By Gail Garinger, The Lowell Sun

Fair sentencing for juveniles requires holding youth accountable for their
actions and providing them with resources for rehabilitation, while recognizing
the paramount importance of ensuring public safety.

Our pledge to children in the commonwealth should be that we will start early
and never give up — particularly for children who have grown up in poverty and
with difficulties imposed on them by their parents and communities. Abuse and
neglect in the home and violence in the community create toxic stress in the
developing brains of children. We should not be surprised when these same
children find their way to trouble, and our response should include compassion
and rehabilitative services in addition to accountability.

Youths charged with murder are automatically tried as adults and, if
convicted of first-degree murder, receive a mandatory sentence of life without
parole. Life without the possibility of parole is the harshest punishment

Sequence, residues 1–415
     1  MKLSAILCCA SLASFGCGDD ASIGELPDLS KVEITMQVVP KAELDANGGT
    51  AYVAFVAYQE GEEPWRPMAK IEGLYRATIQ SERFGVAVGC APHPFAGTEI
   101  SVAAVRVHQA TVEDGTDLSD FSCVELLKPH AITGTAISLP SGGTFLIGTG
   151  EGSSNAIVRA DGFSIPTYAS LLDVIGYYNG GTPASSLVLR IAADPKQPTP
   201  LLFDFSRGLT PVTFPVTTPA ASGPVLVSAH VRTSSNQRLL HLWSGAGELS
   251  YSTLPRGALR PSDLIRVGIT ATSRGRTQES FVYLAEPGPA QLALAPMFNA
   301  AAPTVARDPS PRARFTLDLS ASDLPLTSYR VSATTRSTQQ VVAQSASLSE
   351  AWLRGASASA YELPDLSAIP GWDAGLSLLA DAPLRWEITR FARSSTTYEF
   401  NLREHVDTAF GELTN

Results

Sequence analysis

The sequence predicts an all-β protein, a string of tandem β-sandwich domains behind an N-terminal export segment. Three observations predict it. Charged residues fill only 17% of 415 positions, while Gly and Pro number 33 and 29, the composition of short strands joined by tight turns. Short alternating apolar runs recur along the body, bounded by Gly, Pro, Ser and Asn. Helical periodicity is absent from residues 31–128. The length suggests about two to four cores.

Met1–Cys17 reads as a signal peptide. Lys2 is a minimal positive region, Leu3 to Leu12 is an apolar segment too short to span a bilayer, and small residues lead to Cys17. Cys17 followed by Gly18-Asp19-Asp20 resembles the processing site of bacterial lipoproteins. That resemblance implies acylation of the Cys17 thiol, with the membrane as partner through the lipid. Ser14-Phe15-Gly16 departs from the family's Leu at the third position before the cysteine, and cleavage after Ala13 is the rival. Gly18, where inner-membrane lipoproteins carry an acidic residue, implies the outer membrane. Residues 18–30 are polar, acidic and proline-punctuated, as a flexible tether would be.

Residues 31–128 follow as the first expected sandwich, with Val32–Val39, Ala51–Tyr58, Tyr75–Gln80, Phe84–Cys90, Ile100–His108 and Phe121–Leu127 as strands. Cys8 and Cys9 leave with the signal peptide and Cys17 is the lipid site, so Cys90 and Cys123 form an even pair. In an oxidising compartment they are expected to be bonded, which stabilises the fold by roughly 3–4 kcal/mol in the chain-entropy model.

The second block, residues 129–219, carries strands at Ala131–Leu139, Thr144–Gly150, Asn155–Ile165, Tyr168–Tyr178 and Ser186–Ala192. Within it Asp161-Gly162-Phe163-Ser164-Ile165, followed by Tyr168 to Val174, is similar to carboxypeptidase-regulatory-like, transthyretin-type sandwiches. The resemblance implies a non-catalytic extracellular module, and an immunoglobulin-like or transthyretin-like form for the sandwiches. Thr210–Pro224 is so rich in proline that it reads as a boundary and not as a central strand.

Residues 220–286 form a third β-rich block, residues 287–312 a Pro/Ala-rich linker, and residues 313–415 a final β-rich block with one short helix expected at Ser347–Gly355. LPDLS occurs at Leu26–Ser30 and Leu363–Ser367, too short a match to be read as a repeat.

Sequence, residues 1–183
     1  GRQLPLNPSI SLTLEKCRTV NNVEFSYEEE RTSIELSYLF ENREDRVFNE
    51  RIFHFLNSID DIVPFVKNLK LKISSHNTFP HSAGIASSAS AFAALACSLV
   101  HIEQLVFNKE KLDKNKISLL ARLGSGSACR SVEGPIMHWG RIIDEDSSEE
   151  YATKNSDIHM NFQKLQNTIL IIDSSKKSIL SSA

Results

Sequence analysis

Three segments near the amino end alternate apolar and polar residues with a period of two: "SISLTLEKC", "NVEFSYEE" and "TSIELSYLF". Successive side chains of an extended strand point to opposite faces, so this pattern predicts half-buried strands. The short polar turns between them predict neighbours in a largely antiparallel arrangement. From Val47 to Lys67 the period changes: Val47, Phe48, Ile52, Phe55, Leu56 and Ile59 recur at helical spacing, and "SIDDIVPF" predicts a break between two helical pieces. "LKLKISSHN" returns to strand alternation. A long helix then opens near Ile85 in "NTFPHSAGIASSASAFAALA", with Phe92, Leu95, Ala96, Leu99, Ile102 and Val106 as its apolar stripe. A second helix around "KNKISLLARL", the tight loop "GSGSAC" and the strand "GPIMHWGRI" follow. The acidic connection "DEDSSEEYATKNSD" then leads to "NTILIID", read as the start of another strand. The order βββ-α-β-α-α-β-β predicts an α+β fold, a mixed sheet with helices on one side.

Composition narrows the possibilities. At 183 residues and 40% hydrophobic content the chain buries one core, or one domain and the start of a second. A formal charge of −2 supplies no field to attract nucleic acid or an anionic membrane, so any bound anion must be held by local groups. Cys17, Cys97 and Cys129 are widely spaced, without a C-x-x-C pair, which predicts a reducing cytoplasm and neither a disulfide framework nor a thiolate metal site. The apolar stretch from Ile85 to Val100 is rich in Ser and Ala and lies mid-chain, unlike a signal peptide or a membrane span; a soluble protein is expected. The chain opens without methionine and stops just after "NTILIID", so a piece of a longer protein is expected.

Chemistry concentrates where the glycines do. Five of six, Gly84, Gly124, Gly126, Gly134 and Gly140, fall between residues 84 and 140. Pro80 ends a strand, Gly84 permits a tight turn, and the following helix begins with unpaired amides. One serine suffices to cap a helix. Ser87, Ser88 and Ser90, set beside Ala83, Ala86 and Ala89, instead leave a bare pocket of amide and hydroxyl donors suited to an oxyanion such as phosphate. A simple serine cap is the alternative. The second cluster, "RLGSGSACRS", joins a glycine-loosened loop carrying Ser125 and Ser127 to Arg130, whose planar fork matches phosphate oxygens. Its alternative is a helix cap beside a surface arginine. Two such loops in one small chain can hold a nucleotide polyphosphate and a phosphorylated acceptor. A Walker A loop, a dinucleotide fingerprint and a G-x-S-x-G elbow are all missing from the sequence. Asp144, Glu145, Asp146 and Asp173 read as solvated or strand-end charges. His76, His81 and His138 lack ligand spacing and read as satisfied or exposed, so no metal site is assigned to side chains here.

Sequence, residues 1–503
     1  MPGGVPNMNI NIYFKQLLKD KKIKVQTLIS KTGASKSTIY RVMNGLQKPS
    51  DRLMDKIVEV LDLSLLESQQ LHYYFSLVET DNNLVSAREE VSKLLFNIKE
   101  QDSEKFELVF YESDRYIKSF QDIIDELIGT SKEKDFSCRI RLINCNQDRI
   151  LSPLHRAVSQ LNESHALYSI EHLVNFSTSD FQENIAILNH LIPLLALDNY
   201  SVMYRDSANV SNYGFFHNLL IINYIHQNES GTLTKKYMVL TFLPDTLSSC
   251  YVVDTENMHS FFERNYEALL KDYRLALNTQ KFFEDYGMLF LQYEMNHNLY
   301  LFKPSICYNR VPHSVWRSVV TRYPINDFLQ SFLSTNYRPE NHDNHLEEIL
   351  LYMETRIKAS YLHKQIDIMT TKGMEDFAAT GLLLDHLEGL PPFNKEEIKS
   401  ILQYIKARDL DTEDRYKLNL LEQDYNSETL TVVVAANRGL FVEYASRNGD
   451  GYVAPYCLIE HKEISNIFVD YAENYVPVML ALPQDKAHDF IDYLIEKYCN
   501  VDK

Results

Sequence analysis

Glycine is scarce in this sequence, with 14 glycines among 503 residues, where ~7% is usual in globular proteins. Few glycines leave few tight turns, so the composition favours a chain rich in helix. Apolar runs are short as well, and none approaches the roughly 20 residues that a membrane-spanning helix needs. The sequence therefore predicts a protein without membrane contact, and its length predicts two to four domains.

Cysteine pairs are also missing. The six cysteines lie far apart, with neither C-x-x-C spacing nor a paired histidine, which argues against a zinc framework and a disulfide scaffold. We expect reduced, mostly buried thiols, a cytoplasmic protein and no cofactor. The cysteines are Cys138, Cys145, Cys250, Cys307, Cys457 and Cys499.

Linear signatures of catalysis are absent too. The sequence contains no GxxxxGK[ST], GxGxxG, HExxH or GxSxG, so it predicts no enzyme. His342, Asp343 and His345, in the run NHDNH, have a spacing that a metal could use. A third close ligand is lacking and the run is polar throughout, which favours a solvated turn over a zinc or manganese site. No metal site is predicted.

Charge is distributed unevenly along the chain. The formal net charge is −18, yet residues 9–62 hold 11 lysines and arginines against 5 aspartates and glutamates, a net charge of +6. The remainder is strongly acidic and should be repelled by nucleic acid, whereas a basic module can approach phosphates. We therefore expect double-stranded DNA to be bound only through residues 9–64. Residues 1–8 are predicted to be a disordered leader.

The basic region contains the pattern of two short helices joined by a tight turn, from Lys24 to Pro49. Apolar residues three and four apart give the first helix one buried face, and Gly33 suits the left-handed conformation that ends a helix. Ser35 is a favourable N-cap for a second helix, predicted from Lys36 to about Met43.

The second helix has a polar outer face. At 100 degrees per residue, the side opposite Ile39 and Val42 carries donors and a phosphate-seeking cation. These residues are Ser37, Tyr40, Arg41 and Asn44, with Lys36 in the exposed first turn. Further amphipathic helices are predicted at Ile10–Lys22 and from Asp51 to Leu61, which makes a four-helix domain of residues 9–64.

available in Massachusetts, and imposing it on children ages 14, 15, and 16 is
an exceptionally severe sanction. A child’s age, past conduct, level of
participation in the crime, personal background and potential for rehabilitation
are irrelevant. These youths will grow up and grow old in prison, and they will
die while still incarcerated.

The law subjecting adolescents as young as 14 to life sentences without the
possibility of parole was enacted in reaction to a number of circumstances,
including insufficient punishment in the 1980s.
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